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"Let Me Tell You What I Mean,"| Reviewed by William Winkler

Joan Didion, born in Sacramento, California in 1934, is considered to be one of America’s most influential contemporary writers. She began writing professionally as a copywriter for “Vogue” magazine, where she advanced to associate feature editor.

While at “Vogue,” she published her first novel, “Run, River,” in 1963.

Didion’s output includes novels, essays, screenplays, and one play.

Her style is described as “creative nonfiction,” narrative storytelling, blending observed facts, dialogue and subjective interpretation. This technique allows the author to stimulate the reader’s thoughts and opinions regarding the subject at hand.

Didion’s most recent book, “Let Me Tell You What I Mean,” is an anthology of 12 previously uncollected essays from 1968 to 2000, published in magazines including “The Saturday Evening Post,” “The New Yorker” and the “New York Times Magazine.”

The pieces include “Alicia and the Underground Press,” a treatise on her disdain for conventional journalism; “A Trip to Xanadu,” her recollections of San Simeon, William Randolph Heart’s palatial California estate; and “,” a profile of Martha Stewart and the growth of her empire.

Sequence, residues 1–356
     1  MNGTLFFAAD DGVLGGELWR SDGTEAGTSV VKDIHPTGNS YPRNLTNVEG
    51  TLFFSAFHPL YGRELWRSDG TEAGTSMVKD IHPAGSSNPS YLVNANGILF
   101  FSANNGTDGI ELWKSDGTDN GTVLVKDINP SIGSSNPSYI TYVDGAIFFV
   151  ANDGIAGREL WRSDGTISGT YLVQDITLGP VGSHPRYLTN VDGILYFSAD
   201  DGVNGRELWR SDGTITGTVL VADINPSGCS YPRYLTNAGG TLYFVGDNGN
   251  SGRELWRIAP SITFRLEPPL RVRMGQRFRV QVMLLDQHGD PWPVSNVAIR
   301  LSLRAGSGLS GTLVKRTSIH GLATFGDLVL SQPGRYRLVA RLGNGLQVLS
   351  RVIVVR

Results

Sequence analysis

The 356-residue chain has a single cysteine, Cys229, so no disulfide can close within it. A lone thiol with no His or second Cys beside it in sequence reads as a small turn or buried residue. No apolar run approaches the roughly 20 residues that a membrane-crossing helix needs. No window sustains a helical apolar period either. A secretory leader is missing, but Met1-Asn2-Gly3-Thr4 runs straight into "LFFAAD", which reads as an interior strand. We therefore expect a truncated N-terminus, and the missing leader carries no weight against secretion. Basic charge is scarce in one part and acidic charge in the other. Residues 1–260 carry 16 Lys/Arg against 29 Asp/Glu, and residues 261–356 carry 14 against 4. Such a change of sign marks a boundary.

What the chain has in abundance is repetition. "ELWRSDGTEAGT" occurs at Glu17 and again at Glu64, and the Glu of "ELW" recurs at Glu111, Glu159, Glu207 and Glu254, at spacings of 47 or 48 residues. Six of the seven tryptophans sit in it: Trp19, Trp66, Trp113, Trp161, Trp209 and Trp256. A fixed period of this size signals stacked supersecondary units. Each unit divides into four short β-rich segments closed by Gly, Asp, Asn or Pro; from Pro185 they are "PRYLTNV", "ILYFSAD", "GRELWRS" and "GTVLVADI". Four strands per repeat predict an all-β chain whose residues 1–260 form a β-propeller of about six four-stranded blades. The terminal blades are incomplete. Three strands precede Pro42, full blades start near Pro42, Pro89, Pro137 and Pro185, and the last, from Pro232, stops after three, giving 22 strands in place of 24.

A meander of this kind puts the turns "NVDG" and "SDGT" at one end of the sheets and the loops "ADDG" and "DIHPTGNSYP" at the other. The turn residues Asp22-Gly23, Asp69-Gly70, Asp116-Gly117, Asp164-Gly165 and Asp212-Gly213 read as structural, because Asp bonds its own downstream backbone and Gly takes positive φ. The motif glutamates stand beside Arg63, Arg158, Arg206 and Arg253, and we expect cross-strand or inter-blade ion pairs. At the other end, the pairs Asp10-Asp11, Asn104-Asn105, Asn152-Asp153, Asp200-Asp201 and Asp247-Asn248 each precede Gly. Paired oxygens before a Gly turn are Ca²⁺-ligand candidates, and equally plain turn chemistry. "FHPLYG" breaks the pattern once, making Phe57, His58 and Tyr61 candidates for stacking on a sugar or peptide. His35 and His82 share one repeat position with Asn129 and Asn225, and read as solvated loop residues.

Didion’s writing is conversational. Reading her words leaves the impression that she is sitting across the table and addressing you. Some critics complain that Didion’s work is “all about her,” but the subjective tone of her writing keeps the reader engaged. The progression of the pieces through a time span of three decades permits the reader to observe Didion’s growth as an observer and reporter.

“Let Me Tell You What I Mean” reads quickly and effortlessly. Those who are familiar with Didion’s work will appreciate the selection process that went into this anthology. For those who have read little, if any of her work, “What I Think...” will serve as useful introduction, an appetizer prompting a search for more of her output.

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